When Station #51 opened May 22, 1964, its fire district was small. The City of Dallas then annexed portions of the county. With this annexation, Station #51's first alarm district more than doubled its size.
The land for Station #51 was purchased from Bill Kissinger whose family traveled to Texas in covered wagons and settled on the land that is now along St. Augustine Road. Mr. Kissinger is a frequent visitor to Station #51; firefighters enjoy his stories of "the good ole' days." His house sits a few hundred yards from the fire station where he "keeps an eye" on the firefighters.
A beige brick, two and one half bay station with a fallout shelter, contains 7,680 square feet. For some of its most interesting runs, the engine crew never left the station. Although many firefighters have delivered babies on duty, few babies actually have been born in the fire station. In January 1983, a woman in the last stages of labor, and her entire family, walked into the station. Quickly assessing the situation, C shift firefighters made the woman as comfortable as possible on the watch room bed and called for an MICU. It quickly became apparent the baby would arrive before the MICU, so firefighters rolled the bed into the bedroom for more privacy. There Jerry "Zip" Crawford became "doctor in charge" and delivered a healthy baby boy. Later the same year, a man walked into the station requesting his cat be rescued. The cat was not in a tree, but in a vacuum cleaner.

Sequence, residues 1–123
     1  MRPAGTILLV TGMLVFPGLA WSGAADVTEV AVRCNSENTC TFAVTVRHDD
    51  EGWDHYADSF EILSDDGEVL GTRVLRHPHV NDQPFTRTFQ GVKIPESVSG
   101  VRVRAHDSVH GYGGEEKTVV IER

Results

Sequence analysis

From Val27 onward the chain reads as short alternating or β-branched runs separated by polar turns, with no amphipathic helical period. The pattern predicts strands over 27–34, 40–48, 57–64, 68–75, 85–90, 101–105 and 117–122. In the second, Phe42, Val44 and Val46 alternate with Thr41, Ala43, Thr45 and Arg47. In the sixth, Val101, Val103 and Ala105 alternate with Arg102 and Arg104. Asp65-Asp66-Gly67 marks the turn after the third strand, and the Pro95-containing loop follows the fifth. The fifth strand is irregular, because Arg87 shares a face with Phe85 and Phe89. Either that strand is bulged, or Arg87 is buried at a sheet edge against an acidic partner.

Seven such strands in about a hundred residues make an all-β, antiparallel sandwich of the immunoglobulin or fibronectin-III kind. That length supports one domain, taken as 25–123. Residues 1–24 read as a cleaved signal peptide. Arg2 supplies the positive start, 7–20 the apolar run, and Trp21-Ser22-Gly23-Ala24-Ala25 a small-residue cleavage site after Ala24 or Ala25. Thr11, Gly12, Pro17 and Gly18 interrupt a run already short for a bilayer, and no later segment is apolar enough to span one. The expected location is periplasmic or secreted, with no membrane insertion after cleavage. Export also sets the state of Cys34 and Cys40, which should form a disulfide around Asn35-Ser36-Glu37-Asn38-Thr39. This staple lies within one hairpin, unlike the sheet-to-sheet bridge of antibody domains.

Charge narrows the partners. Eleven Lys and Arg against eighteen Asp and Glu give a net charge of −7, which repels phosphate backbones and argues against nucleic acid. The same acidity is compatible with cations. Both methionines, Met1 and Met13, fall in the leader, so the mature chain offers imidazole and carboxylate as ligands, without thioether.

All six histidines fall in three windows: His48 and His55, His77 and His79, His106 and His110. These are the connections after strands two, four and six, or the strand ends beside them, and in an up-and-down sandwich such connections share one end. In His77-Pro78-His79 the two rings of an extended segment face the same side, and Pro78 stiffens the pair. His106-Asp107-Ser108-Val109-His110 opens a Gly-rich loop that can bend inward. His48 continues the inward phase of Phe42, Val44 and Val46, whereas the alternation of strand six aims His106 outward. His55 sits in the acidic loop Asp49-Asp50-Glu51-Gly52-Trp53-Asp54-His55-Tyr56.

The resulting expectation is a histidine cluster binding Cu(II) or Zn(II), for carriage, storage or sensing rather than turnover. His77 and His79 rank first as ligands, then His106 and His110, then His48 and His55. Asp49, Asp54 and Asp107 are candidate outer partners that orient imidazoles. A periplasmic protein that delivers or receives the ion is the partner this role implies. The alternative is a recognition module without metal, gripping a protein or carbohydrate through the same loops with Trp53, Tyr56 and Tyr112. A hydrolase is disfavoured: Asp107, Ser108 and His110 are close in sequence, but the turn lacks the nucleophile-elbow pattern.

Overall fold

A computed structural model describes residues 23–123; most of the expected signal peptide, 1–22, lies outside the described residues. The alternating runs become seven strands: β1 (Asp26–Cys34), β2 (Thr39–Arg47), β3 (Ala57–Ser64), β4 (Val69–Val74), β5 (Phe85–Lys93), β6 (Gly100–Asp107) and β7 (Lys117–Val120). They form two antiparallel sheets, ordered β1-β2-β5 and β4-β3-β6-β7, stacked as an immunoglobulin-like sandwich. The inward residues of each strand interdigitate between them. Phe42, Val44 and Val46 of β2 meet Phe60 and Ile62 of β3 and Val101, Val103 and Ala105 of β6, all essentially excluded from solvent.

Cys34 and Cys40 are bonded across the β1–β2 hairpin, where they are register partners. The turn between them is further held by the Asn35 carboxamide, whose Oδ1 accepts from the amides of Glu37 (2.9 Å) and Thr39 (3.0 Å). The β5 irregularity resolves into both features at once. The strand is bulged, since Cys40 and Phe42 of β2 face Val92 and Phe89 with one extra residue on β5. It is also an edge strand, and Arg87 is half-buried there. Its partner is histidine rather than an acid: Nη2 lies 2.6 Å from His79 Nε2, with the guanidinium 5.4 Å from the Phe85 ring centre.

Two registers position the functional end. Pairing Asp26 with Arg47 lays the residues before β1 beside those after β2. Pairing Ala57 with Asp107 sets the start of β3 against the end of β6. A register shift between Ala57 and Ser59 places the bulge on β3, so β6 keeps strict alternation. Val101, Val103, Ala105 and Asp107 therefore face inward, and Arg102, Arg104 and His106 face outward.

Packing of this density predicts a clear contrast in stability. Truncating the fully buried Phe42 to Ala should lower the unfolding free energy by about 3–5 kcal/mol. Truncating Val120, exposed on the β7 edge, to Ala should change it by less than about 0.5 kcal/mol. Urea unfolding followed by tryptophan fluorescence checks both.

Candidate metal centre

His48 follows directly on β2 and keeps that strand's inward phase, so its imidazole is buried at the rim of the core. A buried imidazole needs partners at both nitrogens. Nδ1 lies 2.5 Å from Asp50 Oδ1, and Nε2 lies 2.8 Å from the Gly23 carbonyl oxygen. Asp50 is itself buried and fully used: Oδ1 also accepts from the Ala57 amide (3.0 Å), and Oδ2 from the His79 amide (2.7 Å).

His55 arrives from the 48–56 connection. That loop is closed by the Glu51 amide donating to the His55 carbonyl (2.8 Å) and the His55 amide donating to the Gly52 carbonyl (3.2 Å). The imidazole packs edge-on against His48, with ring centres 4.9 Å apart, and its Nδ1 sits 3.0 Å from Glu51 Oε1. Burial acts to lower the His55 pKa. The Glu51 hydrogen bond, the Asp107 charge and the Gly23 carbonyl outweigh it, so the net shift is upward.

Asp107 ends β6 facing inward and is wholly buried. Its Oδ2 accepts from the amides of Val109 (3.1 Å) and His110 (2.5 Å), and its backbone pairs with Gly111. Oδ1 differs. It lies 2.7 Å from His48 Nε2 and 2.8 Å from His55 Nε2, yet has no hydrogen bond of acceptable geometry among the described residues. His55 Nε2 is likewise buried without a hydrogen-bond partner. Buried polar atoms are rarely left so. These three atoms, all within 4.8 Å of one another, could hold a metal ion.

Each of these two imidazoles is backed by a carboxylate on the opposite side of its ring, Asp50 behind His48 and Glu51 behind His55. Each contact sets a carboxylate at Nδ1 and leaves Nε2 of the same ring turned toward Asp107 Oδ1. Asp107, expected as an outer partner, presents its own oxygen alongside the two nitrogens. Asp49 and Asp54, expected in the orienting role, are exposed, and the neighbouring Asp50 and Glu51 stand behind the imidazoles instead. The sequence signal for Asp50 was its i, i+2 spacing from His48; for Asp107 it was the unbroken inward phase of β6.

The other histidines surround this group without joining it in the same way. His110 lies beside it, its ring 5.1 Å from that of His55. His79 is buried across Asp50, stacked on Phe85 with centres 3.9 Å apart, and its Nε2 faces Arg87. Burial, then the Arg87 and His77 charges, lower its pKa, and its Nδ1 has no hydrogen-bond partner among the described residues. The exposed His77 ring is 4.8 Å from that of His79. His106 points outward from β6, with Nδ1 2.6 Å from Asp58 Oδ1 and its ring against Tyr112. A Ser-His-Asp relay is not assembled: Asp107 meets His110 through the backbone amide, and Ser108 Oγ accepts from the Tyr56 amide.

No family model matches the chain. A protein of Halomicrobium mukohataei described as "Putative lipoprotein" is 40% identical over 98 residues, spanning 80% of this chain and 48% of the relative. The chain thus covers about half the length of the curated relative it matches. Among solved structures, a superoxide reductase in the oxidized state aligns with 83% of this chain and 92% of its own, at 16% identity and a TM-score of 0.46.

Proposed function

Through the years, Station #51 has answered many different types of fires. Although most of the first alarm district is residential and light commercial, one of the largest fires answered by Station #51 was on April 19, 1973 at the Groco Paint Company, 10804 Hawn Freeway-a fire answered as mutual aid.
The longest run made by Station #51 firefighters was a mutual aid call: the engine made a 27 mile round-trip to Kaufman to assist in extinguishment of a gasoline tanker truck fire.
B shift Captain O. A. Ardoin has spent much of his DFD career at #51, arriving there April 16, 1970. One of his efforts to improve life at the station is seen just outside the kitchen window, where he planted six pecan trees.